below the beltThere’s a place where dirty blues, soul and gospel intersect that many aim for but few get near. That James Leg lands in the middle drop-zone with the precision of a BASE jumper on a million dollar bet says you most of what you need to know about his latest solo record.

James Leg - aka John Wesley Myers of the Black Diamond Heavies and The Immortal Lee County Killers - is the bona fide son of a preacher man from Port Arthur, Texas. Armed with a baritone that could knock down a brick wall from 20 paces and a Fender Rhodes, he’s unleashing his third solo album (the last with label mates Left Lane Cruiser in tow.) It’s in similar vein to what’s gone before, but this time with a touch more variety.

Leg draws on a diverse group of collaborators to mix it up, delving into jellyroll piano belters (“Drink It Away”), gospel rock (“Up Above My Head”, “What More”) and brutal blues stomping (The Dirtbombs’ “Can’t Stop Thinking About It”.) There are no power ballads here.

Cutting most of the basic tracks at Johnny Walker’s Kentucky Masonic Sounds studio with three different drummers and mixing with Jim Diamond at Ghetto Recorders in Detroit, “Below The Belt” hits like the sonic equivalent of a large shot of black label Beam.

Recording James Leg must be a textbook engineer’s nightmare. Most of the time he’s pushing the needle so far into the red that you’re thinking he’s going to do his voice and the studio equipment real damage. The raw energy is palpable and it’s a fair bet he can’t spell overdub.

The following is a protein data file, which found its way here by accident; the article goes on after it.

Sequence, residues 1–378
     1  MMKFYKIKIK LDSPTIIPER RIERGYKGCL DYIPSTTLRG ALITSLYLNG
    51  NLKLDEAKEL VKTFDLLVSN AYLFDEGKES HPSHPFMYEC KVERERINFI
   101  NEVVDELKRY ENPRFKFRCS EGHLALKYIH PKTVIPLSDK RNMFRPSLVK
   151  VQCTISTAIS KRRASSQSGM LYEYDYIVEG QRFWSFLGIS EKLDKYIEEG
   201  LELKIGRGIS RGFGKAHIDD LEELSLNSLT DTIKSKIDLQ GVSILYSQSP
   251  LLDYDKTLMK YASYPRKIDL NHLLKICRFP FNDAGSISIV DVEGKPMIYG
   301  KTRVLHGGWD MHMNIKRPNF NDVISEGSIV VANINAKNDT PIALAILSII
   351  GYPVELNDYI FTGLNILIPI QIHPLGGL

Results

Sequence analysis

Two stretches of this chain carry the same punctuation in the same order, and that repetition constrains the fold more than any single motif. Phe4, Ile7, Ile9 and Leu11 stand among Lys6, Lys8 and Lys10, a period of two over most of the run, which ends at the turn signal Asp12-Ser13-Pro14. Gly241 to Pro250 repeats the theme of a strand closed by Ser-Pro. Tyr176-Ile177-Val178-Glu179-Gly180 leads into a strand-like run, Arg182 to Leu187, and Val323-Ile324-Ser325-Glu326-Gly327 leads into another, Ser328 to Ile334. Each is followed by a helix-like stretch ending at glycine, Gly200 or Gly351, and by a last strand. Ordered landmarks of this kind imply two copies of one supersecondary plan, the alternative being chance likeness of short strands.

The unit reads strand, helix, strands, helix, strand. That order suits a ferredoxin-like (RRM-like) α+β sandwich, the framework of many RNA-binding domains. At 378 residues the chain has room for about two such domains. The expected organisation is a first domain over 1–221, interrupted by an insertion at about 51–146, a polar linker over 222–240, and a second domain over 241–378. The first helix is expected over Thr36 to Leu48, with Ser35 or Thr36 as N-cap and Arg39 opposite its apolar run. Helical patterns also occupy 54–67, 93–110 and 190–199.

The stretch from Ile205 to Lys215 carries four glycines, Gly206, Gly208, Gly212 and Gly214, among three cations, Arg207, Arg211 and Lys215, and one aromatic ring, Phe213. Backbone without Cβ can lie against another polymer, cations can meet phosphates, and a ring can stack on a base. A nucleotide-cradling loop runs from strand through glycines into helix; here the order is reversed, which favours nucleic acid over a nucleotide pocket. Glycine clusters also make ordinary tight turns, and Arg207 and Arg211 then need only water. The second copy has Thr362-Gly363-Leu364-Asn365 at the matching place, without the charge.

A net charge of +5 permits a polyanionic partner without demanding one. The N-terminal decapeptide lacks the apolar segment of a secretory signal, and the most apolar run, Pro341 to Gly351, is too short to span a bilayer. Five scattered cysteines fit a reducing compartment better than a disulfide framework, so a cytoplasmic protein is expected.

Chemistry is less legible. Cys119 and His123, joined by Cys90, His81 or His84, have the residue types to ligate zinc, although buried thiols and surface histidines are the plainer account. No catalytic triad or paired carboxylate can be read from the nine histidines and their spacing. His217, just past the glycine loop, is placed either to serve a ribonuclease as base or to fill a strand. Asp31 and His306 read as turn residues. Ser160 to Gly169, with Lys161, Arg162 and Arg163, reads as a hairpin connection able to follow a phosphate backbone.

Just when you think they have him tagged Leg isn’t afraid to step outside the boundaries of expectations. “The Forest” is a bouncing cover of that Cure song rendered with rolling keyboards and an earthy quality that poncy Robert Smith could only dream about. A muddy undercurrent sweeps the song along. “Casa De Fuego” welds some breezy piano to a vamping bass organ and bottom end swing with trumpet dancing on top.

It’s the aforementioned Dirtbombs cover and the thumping “Glass Jaw” that get the blood pumping fastest. Leg’s vocal growl and the insistent feel on the latter set the hellhounds racing and the devil take the hindmost. The almost radio-friendly “Disappearing” and positively sweet “What More” that close the album show the man’s music has light and depth.


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